A special thanks to Jaime Taets, CEO of Keystone Group International, for submitting this blog to our team! You can connect with Jaime on LinkedIn here.
“Boomers are uncomfortable with technology and have no idea how to use the internet to increase efficiency. They only want to do it how they’ve always done it. They are oblivious to how the internet and social media could accomplish more faster.”
“Millennials feel entitled and expect constant attention. They want a promotion two weeks after they start. And they won’t pay their dues or put in the level of effort it takes.”
“Gen Xers are such job-hoppers. They get bored and suddenly jump ship. They have no idea what company loyalty is. All they think about is themselves and their career ambitions”
These are all comments that we hear relative to how one generation looks at the unique attributes of another generation. Just like in society, when someone looks, believes, or acts differently than us, we make assumptions and judgements. The same assumptions and judgements are happening every day in your organization related to the Generational Divide. So how can organizations bridge that divide and create a workplace that is inclusive and takes advantage of the strengths that each generation, and each human brings to the table?
Truly fix a problem I believe that we need to understand it first. And when I speak and train on the generational divide, I am surprised by how many people take the generational differences at face value and don’t really dig in to understand why those differences are there.
Boomers who are looked at as inflexible or stubborn and set in their ways are really living out the values that were created when they were in their formative years.
Some of their parents or grandparents lived through the Great Depression and the Boomers themselves were born shortly after the end of WWII. What they have experienced in their lives has impacted beliefs that they carry into their personal and professional lives. They have beliefs around professional accomplishments, job security and loyalty, working hard and you will be rewarded. There’s nothing wrong with those beliefs, except that the world has changed and some of those beliefs are not as important in the new business climate.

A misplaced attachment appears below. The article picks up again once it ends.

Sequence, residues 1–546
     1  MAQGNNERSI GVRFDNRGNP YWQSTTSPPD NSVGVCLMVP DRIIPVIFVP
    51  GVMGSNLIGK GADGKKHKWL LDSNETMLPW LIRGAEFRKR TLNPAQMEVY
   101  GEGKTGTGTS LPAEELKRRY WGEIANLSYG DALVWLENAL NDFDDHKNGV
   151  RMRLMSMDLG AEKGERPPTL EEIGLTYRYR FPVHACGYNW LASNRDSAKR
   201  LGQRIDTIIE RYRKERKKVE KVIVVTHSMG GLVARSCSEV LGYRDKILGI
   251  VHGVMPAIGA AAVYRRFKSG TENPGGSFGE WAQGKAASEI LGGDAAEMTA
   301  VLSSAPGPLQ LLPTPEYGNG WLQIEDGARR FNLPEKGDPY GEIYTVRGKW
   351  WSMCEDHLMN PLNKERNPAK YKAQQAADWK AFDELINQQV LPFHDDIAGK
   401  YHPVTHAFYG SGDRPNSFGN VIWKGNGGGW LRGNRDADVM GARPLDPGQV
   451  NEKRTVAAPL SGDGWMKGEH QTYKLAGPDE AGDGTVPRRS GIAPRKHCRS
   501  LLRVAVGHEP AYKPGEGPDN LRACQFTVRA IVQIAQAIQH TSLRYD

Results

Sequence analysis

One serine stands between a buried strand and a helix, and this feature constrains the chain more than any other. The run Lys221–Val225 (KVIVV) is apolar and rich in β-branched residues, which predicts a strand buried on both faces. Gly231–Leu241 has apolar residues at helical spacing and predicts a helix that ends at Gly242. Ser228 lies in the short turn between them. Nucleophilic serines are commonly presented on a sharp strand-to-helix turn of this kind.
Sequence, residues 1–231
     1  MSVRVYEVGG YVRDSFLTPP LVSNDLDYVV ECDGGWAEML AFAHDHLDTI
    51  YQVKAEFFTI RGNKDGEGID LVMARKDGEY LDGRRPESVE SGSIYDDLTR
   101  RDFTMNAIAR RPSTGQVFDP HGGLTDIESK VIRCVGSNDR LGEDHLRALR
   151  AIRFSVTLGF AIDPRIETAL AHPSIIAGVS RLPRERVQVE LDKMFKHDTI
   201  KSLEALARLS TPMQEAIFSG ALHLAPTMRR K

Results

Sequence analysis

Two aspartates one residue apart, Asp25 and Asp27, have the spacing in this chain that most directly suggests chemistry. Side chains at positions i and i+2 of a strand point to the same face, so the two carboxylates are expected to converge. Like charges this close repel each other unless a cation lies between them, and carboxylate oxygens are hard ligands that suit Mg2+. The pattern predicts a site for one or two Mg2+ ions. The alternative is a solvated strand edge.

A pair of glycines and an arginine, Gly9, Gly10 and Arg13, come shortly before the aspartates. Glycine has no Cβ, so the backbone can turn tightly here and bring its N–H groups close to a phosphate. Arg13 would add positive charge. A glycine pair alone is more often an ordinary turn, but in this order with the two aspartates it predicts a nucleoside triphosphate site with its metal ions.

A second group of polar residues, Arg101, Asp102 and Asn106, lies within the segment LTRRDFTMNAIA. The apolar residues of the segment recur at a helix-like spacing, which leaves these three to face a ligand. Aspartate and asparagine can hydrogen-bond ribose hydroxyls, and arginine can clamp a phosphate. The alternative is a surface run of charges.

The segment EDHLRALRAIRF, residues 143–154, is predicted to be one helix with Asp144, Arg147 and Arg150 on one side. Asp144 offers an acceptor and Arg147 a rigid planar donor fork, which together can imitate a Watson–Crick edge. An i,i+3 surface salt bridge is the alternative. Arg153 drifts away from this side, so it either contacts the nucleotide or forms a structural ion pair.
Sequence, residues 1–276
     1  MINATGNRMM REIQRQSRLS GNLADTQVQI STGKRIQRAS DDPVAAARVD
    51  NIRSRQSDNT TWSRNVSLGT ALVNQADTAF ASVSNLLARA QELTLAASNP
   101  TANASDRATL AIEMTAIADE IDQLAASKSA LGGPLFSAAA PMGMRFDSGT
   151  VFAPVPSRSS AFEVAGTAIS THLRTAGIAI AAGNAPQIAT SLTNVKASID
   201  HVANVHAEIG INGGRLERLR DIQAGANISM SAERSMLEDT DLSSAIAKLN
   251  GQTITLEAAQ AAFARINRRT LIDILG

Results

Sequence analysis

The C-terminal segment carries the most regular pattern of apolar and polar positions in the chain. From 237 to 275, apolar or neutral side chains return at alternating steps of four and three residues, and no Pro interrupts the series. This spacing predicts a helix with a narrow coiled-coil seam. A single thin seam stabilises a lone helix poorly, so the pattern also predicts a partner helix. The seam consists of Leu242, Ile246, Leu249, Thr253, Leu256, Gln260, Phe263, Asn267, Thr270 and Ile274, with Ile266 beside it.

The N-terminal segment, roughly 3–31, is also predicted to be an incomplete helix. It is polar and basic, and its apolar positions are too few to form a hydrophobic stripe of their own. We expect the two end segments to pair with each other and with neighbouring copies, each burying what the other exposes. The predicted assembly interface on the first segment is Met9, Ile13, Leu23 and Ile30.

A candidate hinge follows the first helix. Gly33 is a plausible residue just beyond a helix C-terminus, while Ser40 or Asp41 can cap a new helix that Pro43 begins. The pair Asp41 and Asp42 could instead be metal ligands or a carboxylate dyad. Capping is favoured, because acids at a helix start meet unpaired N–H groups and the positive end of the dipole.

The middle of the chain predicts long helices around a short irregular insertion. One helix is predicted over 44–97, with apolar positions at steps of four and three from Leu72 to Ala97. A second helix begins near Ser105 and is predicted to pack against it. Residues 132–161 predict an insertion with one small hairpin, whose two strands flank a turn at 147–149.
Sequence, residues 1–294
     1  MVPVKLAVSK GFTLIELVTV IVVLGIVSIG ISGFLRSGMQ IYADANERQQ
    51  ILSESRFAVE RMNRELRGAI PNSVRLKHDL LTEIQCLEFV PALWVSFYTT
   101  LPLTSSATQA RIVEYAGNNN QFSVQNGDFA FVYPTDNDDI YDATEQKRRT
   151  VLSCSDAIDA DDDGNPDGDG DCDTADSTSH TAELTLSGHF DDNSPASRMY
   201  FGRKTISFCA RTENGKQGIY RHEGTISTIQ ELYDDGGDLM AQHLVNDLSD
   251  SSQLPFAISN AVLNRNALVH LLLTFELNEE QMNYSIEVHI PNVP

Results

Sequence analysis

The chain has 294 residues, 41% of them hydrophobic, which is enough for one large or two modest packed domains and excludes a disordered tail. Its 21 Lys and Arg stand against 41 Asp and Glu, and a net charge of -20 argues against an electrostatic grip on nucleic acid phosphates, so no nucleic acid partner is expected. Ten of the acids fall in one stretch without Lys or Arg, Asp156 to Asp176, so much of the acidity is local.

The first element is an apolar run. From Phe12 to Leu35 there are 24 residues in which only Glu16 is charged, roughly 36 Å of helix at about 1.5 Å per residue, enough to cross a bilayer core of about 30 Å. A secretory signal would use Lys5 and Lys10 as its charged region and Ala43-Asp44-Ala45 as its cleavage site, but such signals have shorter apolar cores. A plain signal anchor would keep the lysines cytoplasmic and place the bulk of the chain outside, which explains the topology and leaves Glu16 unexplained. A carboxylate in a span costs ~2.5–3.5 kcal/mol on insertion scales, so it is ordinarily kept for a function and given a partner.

Or take the Millennials. This generation was deemed the decade of the child. It was the generation where everyone got a participation trophy for their contribution, information was instantly available to them, and they had exposure to a lot of information at early ages. They saw their parents strive for wealth and success and they determined those were the things they wanted – they want to “have it all” and they “deserve the best”. This generation is super family-focused and therefore wants to ensure their work environment balances their personal lives. They want to be included and want constant feedback and validation about how they are doing.
I could go on for pages about the historical events that shaped each of these generations and the jokes and memes that we use to stereotype each generation, but I won’t. Why? Because underneath all our life experiences, our beliefs and our judgements, each of us is human first. We all have basic human needs, things like certainty, significance, love, connection. It doesn’t matter what generation we come from; we need these things.
So, when exasperated leaders ask me how to manage across generations my response to them is always the same. First, seek to understand because when we understand how someone’s background, no matter what their age or generation, we soften the edges of our own judgement. We can start to see the situation through their eyes and connect with them on a deeper level. Second, ask different questions. Instead of asking the same type of questions and expecting something different, start asking different questions that cause people to think differently, to examine their own beliefs about a situation.
Being a good leader doesn’t mean to have to be an expert on each generation or admit to fully understanding why each generation is the way they are. Good leaders get to know the needs of each individual and authentically engage and motivate them based on their own unique needs.
Leadership is relatively simple in concept but not easy to do. But putting in the effort to improve your leadership skills will be an ROI that is always strong.